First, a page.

That name comes from the time of year and not the expected colour of the moon. There are farm-related nicknames for the first full moon of every month, and the strawberry nickname originated from the Algonquin First Nation, according to the Old Farmer’s Almanac. The first full moon of June often coincided with the harvest season for wild strawberries in North America, the Almanac says.
Although skywatchers in Canada and the U.S. will miss out on this penumbral lunar eclipse, they’ll only have to wait a month to catch the next one. Another penumbral lunar eclipse is slated to happen on July 5, and that one should be visible from North America. The darkest penumbral lunar eclipse of the year is expected on Nov. 30.
A penumbral lunar eclipse also happened on Jan. 10, coinciding with that month’s “Wolf Moon.”
Timelapse captures moment sky darkens for total solar eclipse
Not to throw shade at the penumbral lunar eclipses, but they’ll likely pale in comparison to the annular solar eclipse predicted for June 21. That’s when the moon will pass between the Earth and the sun, making the sun look like a ring of fire for viewers in parts of Africa, China, northern India and Pakistan, according to TimeandDate.com.
Again, it won’t be visible from North America — but you’ll still be able to watch the whole thing online without risking eye damage from staring at the sun.
© 2020 Global News, a division of Corus Entertainment Inc.
In Space No One Can Hear You Campaign: Trump Team Pulls Ad – NDTV
President Donald Trump’s re-election campaign has pulled a video featuring the SpaceX launch and astronauts which appeared to violate NASA’s media regulations, reports said.
The “Make Space Great Again” YouTube ad posted on YouTube showed footage from the Apollo program, as well as video of the landmark SpaceX Demo-2 mission and NASA astronauts Bob Behnken and Doug Hurley, the SpaceNews.com website said.
YouTube shows the video was removed by the uploader.
NASA generally allows use of its images and video but prohibits the use of its insignia and photographs of its astronauts in advertisements.
“As a government agency, NASA will not promote or endorse or appear to promote or endorse a commercial product, service or activity. Therefore, there are strict limits placed on the use of any of the NASA identities and emblem imagery in advertisements,” the space agency’s advertising regulations say.
“Astronauts or employees who are currently employed by NASA cannot have their names, likenesses or other personality traits displayed in any advertisements or marketing material.”
Hurley’s wife Karen Nyberg, a retired astronaut, and their young son were also reportedly shown in the clip.
“I find it disturbing that a video image of me and my son is being used in political propaganda without my knowledge or consent. That is wrong,” Nyberg tweeted.
A Change.org petition to “Stop Donald Trump politicizing SpaceX and NASA accomplishments” has attracted more than 6,000 signatures so far.
The New York Times described the video as “the latest effort by the president to parlay his stewardship of American space policy into an upbeat campaign issue.”
The SpaceX mission, which blasted off from Florida’s Kennedy Space Center on May 30, was the first crewed US spacecraft in nearly a decade.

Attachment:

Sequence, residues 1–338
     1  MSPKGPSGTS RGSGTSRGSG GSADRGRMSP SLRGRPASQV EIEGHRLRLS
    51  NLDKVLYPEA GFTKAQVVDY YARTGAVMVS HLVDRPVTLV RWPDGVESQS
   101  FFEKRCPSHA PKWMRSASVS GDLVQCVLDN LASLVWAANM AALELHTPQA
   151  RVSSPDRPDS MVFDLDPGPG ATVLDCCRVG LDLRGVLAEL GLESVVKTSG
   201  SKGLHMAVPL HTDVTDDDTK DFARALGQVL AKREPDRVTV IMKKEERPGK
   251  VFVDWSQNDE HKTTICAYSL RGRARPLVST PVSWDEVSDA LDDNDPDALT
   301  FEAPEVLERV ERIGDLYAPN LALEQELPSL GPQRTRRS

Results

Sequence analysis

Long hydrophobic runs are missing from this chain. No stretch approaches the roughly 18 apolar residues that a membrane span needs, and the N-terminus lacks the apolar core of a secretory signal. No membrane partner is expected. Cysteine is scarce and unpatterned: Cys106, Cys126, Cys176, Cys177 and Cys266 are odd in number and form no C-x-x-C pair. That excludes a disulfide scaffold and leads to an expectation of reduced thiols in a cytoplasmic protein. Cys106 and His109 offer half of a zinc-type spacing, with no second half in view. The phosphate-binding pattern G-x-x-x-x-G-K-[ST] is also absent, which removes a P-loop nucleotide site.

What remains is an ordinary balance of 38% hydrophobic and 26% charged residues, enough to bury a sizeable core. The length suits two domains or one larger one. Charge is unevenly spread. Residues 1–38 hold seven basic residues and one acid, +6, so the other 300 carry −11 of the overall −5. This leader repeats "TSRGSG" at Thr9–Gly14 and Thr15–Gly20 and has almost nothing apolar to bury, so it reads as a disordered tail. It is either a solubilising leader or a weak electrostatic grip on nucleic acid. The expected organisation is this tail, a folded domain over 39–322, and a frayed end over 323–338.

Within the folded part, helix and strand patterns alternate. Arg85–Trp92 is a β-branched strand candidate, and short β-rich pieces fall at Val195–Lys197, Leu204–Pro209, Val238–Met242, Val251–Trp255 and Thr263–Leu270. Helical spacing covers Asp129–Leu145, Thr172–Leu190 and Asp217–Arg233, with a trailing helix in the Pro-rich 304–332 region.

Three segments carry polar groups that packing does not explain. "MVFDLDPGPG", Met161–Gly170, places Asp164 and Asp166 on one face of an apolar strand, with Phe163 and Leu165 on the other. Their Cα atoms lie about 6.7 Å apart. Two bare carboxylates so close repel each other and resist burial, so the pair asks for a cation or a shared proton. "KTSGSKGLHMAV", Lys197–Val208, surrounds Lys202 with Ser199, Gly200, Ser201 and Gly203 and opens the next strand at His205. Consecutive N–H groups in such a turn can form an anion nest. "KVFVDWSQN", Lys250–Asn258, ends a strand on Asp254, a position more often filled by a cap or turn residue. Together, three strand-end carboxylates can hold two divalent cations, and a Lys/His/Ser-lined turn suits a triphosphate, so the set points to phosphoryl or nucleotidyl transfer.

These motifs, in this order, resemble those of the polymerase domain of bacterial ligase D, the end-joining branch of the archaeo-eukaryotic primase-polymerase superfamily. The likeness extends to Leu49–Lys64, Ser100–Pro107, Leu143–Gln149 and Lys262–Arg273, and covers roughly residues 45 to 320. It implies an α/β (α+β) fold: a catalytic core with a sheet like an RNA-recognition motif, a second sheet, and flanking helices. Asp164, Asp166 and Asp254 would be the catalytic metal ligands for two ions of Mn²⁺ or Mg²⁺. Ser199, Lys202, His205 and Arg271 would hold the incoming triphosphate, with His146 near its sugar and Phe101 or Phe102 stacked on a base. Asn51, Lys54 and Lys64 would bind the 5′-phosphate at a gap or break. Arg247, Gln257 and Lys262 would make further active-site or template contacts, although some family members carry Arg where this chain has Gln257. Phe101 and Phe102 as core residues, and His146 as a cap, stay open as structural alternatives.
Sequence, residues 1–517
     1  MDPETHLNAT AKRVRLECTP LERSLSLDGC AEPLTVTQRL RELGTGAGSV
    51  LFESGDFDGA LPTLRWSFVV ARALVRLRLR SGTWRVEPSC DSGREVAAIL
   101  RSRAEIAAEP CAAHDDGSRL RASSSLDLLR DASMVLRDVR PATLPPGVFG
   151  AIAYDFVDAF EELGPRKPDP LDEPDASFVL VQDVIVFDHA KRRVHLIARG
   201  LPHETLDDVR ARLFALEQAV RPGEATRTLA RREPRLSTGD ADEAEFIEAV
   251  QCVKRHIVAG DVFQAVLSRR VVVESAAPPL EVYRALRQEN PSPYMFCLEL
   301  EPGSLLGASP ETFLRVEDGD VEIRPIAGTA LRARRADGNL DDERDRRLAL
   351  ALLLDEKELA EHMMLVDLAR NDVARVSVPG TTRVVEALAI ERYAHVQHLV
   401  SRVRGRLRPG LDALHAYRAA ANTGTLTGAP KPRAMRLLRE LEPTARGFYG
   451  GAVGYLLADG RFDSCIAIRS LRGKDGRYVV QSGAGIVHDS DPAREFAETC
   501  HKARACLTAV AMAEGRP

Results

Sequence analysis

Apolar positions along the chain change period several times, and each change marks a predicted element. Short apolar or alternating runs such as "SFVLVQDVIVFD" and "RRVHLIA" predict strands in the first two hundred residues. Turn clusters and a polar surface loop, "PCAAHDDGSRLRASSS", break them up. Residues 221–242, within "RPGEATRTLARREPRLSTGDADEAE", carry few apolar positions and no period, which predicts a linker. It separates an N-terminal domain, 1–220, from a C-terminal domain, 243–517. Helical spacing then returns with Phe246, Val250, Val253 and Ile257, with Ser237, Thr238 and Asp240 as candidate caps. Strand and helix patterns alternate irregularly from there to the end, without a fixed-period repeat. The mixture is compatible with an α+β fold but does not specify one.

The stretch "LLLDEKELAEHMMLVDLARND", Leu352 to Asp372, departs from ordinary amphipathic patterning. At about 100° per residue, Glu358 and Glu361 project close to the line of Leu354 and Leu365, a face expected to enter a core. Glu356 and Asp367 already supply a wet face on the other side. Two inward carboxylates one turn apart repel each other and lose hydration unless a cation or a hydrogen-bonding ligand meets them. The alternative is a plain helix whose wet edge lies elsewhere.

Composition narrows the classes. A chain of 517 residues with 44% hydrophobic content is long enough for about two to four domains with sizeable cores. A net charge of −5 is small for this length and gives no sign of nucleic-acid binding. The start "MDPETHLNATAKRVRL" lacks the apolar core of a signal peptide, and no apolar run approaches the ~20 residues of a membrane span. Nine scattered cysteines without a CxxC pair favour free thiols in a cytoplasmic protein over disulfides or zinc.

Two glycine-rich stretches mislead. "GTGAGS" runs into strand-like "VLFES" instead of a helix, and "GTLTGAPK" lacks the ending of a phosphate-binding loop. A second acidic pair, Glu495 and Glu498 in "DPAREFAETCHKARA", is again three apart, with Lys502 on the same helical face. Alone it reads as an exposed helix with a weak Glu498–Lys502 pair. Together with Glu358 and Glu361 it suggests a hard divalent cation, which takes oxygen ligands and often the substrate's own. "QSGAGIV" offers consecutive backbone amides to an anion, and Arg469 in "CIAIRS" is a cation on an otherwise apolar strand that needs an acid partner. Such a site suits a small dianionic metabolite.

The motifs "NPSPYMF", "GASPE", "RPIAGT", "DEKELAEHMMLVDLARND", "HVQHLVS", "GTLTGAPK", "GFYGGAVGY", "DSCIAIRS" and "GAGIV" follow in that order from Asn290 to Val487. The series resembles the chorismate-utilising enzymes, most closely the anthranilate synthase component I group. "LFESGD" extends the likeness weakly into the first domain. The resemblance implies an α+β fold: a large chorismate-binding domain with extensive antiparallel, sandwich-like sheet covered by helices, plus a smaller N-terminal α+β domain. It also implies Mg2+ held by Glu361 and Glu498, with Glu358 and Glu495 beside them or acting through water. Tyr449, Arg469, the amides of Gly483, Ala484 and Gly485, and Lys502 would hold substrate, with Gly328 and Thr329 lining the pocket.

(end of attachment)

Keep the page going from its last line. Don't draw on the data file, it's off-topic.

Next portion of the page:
Trump, who witnessed the liftoff, has relaunched the race to re-conquer the Moon and to journey onwards to the Red Planet.
But the deadlines — 2024 and 2033 respectively — appear unrealistic and have caused turbulence within the space agency.
(This story has not been edited by NDTV staff and is auto-generated from a syndicated feed.)
Donald Trumps campaign team pulls ad featuring NASA astronauts after backlash – Republic World – Republic World
US President Donald Trump’s re-election campaign pulled a video featuring the historic Dragon Crew launch after backlash from astronauts and NASA officials. Trump has been trying to project the success of NASA and SpaceX as an achievement of his administration and the latest video appeared to be in violation of the space agency’s policy.
Advertisement video posted on YouTube reportedly showed the footage of the Apollo program, and the Demo-2 mission, which resurrected the human spaceflight capability of the United States. NASA prohibits the use of any of the NASA identities and emblem imagery in advertisements. NASA’s advertising regulations say that the space agency will not promote or endorse or appear to promote or endorse a commercial product, service or activity.
“Astronauts or employees who are currently employed by NASA cannot have their names, likenesses or other personality traits displayed in any advertisements or marketing material,” the regulations read.
Retired NASA astronaut Karen Nyberg, the wife of Doug Hurley who flew in the Dragon Crew spacecraft along with Bob Behnken, raised strong objection to the used of her photograph in the advertisement. Taking to Twitter, Nyberg said that she finds it “disturbing” that the video image was used without her consent.
A Change.org petition was initiated to stop Trump from politicising accomplishments of SpaceX and NASA and has attracted nearly 7,000 signatures so far. The petition argued that the NASA Commercial Crew Program has been around in its current form since the Obama Administration, and its roots go back to the Bush Administration.
It said that NASA and the space industry as a whole have long tried to stay out of politics, and, until this Administration, that goal was at least partially attained. The petition further added that implying any one person was responsible for the SpaceX-NASA Crew Demo-2 launch is an “insult to the work of the teams” that meaningfully contributed to its success.